Harrison Ford Hasn't Been Better in Years

With 'Blade Runner 2049,' the actor turns what could have been just a paycheck into something surprisingly tender, complex and humane.
Courtesy of Photofest; Courtesy of Warner Bros.; Courtesy of Disney
From left: 'Indiana Jones and the Kingdom of the Crystal Skull' (2008); 'Blade Runner 2049'; 'Star Wars: The Force Awakens' (2016)

[Warning: This story contains spoilers for Blade Runner 2049.]

Though he has a vast filmography, Harrison Ford is largely defined by three characters he portrayed in the early 1980s: Han Solo, Indiana Jones and Rick Deckard. This trio of heroic figures share some DNA aside from the man who plays them, but what those roles have in common now is that Ford has been revisiting them. In 2008, after a nearly two-decade hiatus, the actor donned the fedora and held the whip again in Indiana Jones and the Kingdom of the Crystal Skull. Two years ago, he stepped back into the Millennium Falcon for Star Wars: The Force Awakens. And this week, he's back in the future as Deckard in the highly anticipated sequel Blade Runner 2049. Though Jones and Solo may be more widely known, Deckard offers Ford the most emotionally resonant character to date.

The ads for the deliberately mysterious Blade Runner 2049, directed by Denis Villeneuve (the first film's helmer, Ridley Scott, served as an executive producer), don't shy away from revealing that Ford returns to square off against Ryan Gosling. However, why Deckard shows up remains something of a mystery as Gosling's lead character K, a new blade runner, tries to figure out the whereabouts of a possible child born of a human and a replicant before it "breaks the world" (as Robin Wright's LAPD lieutenant says). Eventually, K figures out that Deckard serves as the true key to this enigma, and Deckard is forced to reckon with his choice to abandon the remains of his previous life nearly 30 years ago.

Blade Runner was always a much darker film than any of the Star Wars or Indiana Jones adventures. All three have obvious genre elements; Scott's 1982 sci-fi pic was heavily, deliberately indebted to film noir, leaning into that genre's grim, adult aspects. 2049 is more reliant on science fiction than noir, yet it's often as bleak as its predecessor. In the final hour, that darkness allows for unexpected and welcome bursts of emotion courtesy of Ford. His return to the Star Wars universe in 2015 was sadly brief, as Han Solo sacrifices himself at the hands of his conflicted, evil progeny. In a warped way, considering Ford's prior distaste for the Star Wars fan base, it wouldn't be hard to wonder if he only agreed to return as the beloved character to permanently end speculation about whether Solo could be a hero again; once you're dead, you're dead.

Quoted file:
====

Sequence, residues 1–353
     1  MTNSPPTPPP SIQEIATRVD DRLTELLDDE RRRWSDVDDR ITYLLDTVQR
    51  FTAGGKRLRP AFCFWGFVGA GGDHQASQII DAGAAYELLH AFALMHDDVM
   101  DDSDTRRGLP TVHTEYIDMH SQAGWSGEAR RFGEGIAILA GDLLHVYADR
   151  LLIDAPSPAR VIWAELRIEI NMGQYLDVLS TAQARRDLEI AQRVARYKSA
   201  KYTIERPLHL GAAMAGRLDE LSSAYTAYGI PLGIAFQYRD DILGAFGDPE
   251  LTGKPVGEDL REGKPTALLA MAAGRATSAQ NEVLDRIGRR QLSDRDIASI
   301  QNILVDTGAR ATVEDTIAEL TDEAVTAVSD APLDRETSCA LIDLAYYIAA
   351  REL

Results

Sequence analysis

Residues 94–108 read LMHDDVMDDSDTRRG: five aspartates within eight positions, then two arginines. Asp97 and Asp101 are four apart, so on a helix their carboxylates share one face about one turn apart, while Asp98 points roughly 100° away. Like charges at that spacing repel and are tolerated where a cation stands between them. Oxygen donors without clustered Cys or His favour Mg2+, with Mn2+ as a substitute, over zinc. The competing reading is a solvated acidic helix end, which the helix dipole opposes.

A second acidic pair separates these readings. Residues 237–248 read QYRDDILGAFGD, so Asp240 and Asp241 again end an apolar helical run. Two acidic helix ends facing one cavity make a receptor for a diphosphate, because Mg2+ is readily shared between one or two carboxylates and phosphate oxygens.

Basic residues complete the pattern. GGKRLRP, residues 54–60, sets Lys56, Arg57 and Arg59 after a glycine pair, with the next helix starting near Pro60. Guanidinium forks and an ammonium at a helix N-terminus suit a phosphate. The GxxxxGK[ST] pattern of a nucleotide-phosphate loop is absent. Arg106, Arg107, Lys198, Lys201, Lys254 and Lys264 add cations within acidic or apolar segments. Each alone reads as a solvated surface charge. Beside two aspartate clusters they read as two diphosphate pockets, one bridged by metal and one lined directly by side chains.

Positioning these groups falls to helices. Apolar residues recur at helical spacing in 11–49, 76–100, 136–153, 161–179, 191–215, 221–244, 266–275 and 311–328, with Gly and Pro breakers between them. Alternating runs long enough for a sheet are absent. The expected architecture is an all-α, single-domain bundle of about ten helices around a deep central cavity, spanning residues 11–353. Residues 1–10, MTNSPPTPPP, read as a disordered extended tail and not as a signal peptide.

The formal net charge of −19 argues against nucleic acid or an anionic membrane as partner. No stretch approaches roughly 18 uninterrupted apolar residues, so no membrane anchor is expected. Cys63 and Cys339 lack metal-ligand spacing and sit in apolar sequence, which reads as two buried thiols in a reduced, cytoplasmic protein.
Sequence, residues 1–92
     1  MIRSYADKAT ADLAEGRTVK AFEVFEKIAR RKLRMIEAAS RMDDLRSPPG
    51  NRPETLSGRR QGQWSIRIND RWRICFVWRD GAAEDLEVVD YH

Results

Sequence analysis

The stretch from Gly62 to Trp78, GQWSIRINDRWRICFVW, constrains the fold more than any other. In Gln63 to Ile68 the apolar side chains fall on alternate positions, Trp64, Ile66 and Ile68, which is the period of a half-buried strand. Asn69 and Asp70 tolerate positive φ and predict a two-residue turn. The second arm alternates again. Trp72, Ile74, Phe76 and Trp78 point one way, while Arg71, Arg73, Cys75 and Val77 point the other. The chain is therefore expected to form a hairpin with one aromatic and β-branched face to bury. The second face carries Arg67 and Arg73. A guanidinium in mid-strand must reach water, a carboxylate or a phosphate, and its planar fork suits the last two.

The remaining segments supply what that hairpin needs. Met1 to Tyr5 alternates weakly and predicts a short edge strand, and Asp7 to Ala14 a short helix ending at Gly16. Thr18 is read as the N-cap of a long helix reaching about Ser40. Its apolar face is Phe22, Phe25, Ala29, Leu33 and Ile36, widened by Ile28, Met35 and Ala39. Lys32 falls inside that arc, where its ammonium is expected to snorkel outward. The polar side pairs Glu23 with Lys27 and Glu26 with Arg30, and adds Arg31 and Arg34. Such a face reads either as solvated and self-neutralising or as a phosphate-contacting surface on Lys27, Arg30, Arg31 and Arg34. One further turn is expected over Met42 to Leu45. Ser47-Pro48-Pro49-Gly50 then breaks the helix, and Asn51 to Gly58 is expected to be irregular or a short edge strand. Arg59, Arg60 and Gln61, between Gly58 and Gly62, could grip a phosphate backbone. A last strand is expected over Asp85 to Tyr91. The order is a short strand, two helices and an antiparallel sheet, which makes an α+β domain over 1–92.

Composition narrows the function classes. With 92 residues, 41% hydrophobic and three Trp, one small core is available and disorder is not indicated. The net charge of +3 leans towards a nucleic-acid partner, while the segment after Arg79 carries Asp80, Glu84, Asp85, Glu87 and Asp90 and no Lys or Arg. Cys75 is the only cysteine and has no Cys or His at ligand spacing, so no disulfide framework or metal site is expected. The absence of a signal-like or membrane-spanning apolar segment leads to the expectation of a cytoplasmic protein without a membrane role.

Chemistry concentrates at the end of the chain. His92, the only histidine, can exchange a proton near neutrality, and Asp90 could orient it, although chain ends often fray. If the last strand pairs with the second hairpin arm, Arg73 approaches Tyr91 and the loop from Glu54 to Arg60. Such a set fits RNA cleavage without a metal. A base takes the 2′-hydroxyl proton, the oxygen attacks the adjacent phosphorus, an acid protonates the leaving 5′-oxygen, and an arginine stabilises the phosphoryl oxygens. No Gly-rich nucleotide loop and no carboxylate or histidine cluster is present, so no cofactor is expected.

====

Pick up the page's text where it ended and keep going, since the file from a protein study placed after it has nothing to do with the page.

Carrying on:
So it's pleasantly surprising that Ford appears even more invested in his return to the Blade Runner world, considering the original film's behind-the-scenes upheaval, as well as his well-documented frustration with Scott as director. Deckard is onscreen in 2049 for probably as much as Solo was in The Force Awakens, but the emotion inherent in his return is impossible to ignore. Deckard is both guilty and defensive when physically confronted by K with his decision to hide for 30 years in the ruins of a Las Vegas casino. Once Deckard is brought back into the fold, and captured by a replicant working for the new corporation in charge of building the humanoid robots, he's confronted with something much more shocking: a new version of his replicant lover Rachael (Sean Young in the original). This scene, as is the case with every scene in Villeneuve's film, plays out gradually, allowing Ford's character to display a series of emotions, from wonder to heartbreak. He flips back to snappish and gruff at the end, angrily noting to the mogul who created the new Rachael that "her eyes were green." (A lie — her eyes were brown as in the film.)

In part because of the projects he's chosen over the past decade or so, Ford's work in Blade Runner 2049 might be a necessary reminder of how incredible an actor he can be with the right material. While Deckard isn't in too much of 2049, his scenes count because of how invested Ford is. It's even more surprising, then, that Deckard (whether he's human or replicant, which still isn't fully resolved by the end) makes it out alive. The final moment of the film belongs to him, as he looks at his grown child for the first time and reaches out, holding back tears.

As Ford ages, he has chosen fewer and fewer starring roles; lately, he's leaning on the familiar and beloved. Before Blade Runner 2049, his last film was Star Wars: The Force Awakens, and for the moment, his only upcoming project is the fifth Indiana Jones movie. Despite his character's life being cut short in The Force Awakens, it was gratifying to see Ford back as Han Solo. And it will no doubt be gratifying to see him as Indiana Jones again, if only to correct the frustrations of Crystal Skull. But it's his work as Rick Deckard in Blade Runner 2049 that is surprisingly tender and complex, as humane as anything he's done in years. What could easily have been a quick paycheck turned into something deeper and more profound.

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